The Business Roundtable said its members forecast that growth this year will clock in at 2.3%, down from last quarter's estimate of 2.6%.Politicsread more
Jerome Powell will "underwhelm everyone and not overwhelm anyone," one economist saysMarket Insiderread more
Activists with Black Lives Matter, who met privately with Buttigieg in the weeks after police shot and killed Eric Logan, say the 37-year-old mayor brushed off their concerns...2020 Electionsread more
The unspecified action comes after the U.S. accused Iran of carrying out the weekend attacks on critical Saudi oil installations.Politicsread more
Some worry the regulators will squander an opportunity to crack down on potentially monopolistic behavior due to their own infighting.Technologyread more
Oil prices retreated after President Donald Trump said he ordered the Treasury Department to "substantially increase" sanctions on Iran.Energy Commoditiesread more
Wall Street economists think the Fed will cut rates by 25 basis points at its September meeting but have differing views about what will happen in the future.Marketsread more
Trump's announcement of his fourth national security advisor comes eight days after the abrupt departure of John Bolton.Politicsread more
Central Park Tower is not just a new building – it's a statement. Topping off at 1,550 feet, with 131 floors, it will be the tallest residential building in the world. It may...Wealthread more
Online shopping giant Amazon is betting that some of its customers would rather use cash.Financeread more
The monthly Architecture Billings Index (ABI) from the American Institute of Architects fell to 47.2 from 50.1 in July. Any score below 50 indicates a decrease in architecture...Real Estateread more
Americans are in a borrowing mood, and their total tab for consumer debt could reach a record $4 trillion by the end of 2018.
That's according to LendingTree, a loan comparison website, which analyzed data from the Federal Reserve on nonmortgage debts including credit cards, and auto, personal and student loans.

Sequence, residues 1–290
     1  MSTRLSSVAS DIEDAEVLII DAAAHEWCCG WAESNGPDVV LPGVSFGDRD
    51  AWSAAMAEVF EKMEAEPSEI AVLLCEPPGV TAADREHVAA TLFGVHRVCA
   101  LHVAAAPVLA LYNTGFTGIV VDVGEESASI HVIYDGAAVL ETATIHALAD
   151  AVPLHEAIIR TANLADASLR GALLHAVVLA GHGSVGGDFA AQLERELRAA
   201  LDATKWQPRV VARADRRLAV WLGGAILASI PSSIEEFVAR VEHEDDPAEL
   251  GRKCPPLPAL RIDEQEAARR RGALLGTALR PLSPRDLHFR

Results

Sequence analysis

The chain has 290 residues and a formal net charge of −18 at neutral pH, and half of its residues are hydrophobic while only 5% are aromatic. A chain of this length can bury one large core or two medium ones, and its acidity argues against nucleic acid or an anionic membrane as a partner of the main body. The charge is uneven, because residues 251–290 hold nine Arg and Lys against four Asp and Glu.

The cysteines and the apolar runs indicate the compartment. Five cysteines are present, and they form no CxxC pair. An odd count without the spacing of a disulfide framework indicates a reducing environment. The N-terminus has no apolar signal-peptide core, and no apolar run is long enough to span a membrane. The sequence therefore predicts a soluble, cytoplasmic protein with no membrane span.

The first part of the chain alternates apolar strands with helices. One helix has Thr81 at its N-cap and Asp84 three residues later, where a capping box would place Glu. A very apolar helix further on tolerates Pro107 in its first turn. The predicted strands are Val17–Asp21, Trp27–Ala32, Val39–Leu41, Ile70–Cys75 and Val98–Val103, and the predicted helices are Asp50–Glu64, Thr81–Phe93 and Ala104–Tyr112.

Americans owe more than 26 percent of their annual income to this debt. That's up from 22 percent in 2010. It's also higher than debt levels during the mid-2000s when credit availability soared.
Debts on auto loans and credit cards are climbing by more than 7 percent annually, while housing debt is rising at a little more than 2 percent.
Consumer credit has been rising by 5 percent to 6 percent for about two years.
LendingTree projects total consumer debt will top $4 trillion by the end of 2018.
That kind of growth is not surprising, according to LendingTree chief economist Tendayi Kapfidze, and is in keeping with the growth of consumer debt that has been happening since 2012.
At these levels, consumers are spending about 10 percent of their income paying these debts each month, Kapfidze said. From 2000 to 2008, that averaged about 12 percent to 13 percent, he said.
Still, credit card delinquency rates, which are at 2.4 percent, are low.
"It's a level of debt that's pretty manageable for consumers on aggregate," Kapfidze said.
But there are some things you should consider if you find your personal debts rising.
While paying 10 percent of your income per month toward nonmortgage debts is "not necessarily a danger zone," you should watch how those debts are allocated, said Roger Ma, a certified financial planner and founder of lifelaidout.
High interest credit card debt that continues to climb every month is concerning, while lower interest rate debt on auto loans or student loans may not have the same cause for worry, Ma said.
The Federal Reserve plans to raise interest rates several times this year, which will inevitably make consumers' debt burden more expensive.
"Consumers should probably consider refinancing some of their debts," Kapfidze said.
That could mean moving credit card debt at a 16 percent annual percentage rate to a personal loan that offers 6 percent to 8 percent. It could also mean refinancing your student loans at a fixed rate to guard against those rate hikes.
Regardless of your personal debt levels, you should have a good sense of how much money you have coming in and going out, according to Ma.
If you find you're spending beyond your means, cut unnecessary subscriptions, reduce your bank fees and scale back on shopping.
If your credit card debt is growing, switch to using your debit card only, Ma said. From there, you can whittle down your debts by attacking the balances with the highest rates first. If you have small balances, you may want to knock those off first.
"Paying that off sooner will allow a person to decrease the number of obligations and also give them a nice short-term win," Ma said.
More from Personal Finance:
It turns out, there is a point at which money can buy happiness
You're probably using the wrong credit card. Here's how to fix that
How today's Fed rate hike will affect your finances